People who saw the dress as a white-gold color probably assumed it was lit by daylight, so their brains ignored shorter, bluer wavelengths. Those who saw it as a blue-black shade assumed a warm, artificial light, so their brains ignored longer, redder wavelengths. Those who saw the dress as a blue-brown color probably assumed neutral lighting, the researchers said.

Have you ever heard what people say about making assumptions?  Something akin to being like a donkey?

I think it's interesting that the person who wrote that article didn't say what the color of that dress actually was.  Tanya just reported what other people had assumed but did not say what was the actual color of the material(s).  There was a way to find out.

Uh, no.

All it describes is an optical illusion.

It's a mirage.  So what?

 No one here is talking about optical illusions.

 The writer of the article knew better than to bring up the question of "reality"  because he knows better.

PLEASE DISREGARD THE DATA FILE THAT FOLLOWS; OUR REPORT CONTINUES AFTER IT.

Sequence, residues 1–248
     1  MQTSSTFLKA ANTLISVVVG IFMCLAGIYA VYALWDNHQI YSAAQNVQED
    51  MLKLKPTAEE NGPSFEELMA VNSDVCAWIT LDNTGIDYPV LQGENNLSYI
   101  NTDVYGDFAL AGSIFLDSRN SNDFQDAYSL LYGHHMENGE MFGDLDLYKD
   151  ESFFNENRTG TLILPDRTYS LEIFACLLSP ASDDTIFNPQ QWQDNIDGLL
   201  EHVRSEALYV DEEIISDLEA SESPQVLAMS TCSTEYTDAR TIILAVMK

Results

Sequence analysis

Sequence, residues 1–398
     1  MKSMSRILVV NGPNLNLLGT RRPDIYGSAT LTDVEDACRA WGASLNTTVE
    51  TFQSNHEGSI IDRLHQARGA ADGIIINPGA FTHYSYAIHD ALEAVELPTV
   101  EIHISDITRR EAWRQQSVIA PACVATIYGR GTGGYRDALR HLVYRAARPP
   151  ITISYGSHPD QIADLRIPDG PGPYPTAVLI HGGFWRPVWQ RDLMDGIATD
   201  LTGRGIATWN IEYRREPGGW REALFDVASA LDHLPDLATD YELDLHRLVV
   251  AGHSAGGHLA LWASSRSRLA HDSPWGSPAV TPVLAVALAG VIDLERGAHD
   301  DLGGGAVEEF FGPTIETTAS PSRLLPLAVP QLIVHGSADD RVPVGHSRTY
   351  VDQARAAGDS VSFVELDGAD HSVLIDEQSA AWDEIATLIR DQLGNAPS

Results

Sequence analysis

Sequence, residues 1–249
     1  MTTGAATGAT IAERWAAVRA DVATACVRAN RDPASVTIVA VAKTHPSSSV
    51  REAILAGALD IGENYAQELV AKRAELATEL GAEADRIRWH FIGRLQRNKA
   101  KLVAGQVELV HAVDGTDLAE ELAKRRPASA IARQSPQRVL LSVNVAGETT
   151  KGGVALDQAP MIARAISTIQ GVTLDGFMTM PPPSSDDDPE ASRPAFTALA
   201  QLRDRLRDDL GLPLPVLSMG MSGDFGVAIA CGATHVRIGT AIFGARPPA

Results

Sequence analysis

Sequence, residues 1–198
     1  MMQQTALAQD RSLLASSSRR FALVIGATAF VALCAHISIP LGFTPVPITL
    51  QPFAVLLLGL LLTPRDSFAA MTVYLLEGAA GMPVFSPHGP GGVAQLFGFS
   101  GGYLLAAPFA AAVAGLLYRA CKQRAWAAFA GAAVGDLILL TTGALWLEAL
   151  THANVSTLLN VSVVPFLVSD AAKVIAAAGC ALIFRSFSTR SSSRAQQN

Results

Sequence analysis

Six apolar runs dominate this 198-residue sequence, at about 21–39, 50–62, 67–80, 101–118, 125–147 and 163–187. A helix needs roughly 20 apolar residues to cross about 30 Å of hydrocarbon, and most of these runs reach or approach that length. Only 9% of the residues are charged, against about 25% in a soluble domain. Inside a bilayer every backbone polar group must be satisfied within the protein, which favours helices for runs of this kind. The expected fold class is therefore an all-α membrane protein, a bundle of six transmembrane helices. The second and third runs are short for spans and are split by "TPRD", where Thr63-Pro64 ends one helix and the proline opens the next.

That has nothing to do with it.

 

Edited by mfbukowski
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1 minute ago, mfbukowski said:

Uh, no.

All it describes is an optical illusion.

It's a mirage.  So what?

 No one here is talking about optical illusions.

Right.  That was a red herring thrown into our discussion.  We were not talking about reality vs what is not real.  We were talking about how words can be used to represent reality.  Or at least I was.  You seemed to be denying that fact.

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15 minutes ago, Ahab said:

Right.  That was a red herring thrown into our discussion.  We were not talking about reality vs what is not real.  We were talking about how words can be used to represent reality.  Or at least I was.  You seemed to be denying that fact.

Let the reader, if any, decide.

You posted it and now you agree its irrelevant